Brian lived with Marilyn at 1448 Laurel Way from 65-67. While there can be geographical debates about the boundaries of "Laurel Canyon" and which streets and land plots were actually included in that named area, Brian was living in the area at that time and also had close friends in and around this area, such as Mark Volman, Derek Taylor (who I mentioned above), and other members of the Smile era inner circle.

So why is Brian involved in this? He lived there, more or less, when he made what many would say is some of the finest popular music ever created.  Smiley
4  Smiley Smile Stuff / General On Topic Discussions / Re: Echo in the Canyon (New documentary w/ Brian interview) on: April 18, 2019, 08:11:17 AM
Don't know why they have included Ringo Starr and Eric Clapton, guess it's because so many key players are dead now.

They will probably just be there to comment stuff like "oh yeah, in England we loved the stuff coming out of lauren canyon...Brians a genius, loved the Byrds, etc etc"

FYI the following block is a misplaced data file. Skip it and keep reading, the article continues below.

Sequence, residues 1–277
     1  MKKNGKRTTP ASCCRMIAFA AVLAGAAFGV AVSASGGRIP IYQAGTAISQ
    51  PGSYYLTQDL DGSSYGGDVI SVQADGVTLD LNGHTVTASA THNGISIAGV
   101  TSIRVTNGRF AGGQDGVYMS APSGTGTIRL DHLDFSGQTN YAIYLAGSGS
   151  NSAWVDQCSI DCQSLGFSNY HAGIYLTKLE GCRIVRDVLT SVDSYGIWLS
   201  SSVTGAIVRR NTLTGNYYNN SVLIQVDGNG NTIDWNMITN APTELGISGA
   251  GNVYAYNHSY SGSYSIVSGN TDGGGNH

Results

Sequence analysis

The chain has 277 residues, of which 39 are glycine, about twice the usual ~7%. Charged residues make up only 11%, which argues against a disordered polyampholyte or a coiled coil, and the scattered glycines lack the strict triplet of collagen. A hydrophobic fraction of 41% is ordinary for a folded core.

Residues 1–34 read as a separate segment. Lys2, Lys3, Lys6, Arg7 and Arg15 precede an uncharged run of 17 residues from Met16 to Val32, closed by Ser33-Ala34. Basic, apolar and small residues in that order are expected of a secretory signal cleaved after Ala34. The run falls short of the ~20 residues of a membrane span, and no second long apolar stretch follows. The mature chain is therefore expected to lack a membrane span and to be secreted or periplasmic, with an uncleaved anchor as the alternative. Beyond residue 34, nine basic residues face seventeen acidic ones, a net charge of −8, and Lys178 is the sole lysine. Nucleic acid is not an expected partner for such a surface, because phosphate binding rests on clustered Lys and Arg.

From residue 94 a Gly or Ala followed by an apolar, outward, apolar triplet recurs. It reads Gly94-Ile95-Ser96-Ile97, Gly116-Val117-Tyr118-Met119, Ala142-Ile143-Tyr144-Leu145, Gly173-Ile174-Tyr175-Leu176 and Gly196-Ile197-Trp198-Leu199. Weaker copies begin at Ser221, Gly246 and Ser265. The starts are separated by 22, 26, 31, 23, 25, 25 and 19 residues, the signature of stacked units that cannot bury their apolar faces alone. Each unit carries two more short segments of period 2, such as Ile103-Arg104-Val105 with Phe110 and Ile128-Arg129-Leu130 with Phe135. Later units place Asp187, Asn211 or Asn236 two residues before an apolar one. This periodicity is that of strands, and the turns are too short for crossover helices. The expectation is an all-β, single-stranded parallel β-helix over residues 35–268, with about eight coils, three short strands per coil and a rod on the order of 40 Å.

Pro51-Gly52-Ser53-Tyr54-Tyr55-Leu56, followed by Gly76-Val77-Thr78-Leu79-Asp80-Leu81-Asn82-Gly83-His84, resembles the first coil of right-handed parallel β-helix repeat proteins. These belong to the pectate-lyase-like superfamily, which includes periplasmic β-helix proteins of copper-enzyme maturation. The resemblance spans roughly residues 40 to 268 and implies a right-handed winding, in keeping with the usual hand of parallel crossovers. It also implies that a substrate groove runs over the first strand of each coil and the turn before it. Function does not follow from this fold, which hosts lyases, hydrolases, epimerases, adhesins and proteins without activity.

I'm just suggesting this to the readers here and overall because it's a fascinating and very educational journey once you take it, and it isn't said with malice or anything of the sort: Take some time and read the history of Laurel Canyon and its key players, and even prior to seeing this film you'll see why Clapton and Ringo are involved in the film, and you'll find a lot more in the way of information and backstory that probably will *not* make it to a widely-distributed film. There is some truly bizarre, fascinating, and sometimes disturbing if not hilarious info to be found about the hills of Laurel Canyon especially in the 60's and the 70's...and also, how a top-secret yet known military intelligence-led film studio managed to co-exist with all these artists and hippie types for a time... Smiley

Anyway, to Clapton and Ringo:

One of the most prominent and important players in all of this was Mama Cass Elliot, who had a house in the Canyon which was something of a gathering point for a lot of musicians in the 60's. Mama Cass herself was such a strong personality she also was like the de facto organizer and putter-together of a lot of these musicians who would become friends and bandmates often as a result of one of Cass' parties or introductions. One of the bigger examples of Cass' matchmaking was how she introduced Graham Nash to Crosby, Stills, and Joni Mitchell...Nash having come from England and Crosby, Stills, and Mitchell either having their houses in the Canyon or being regular visitors there.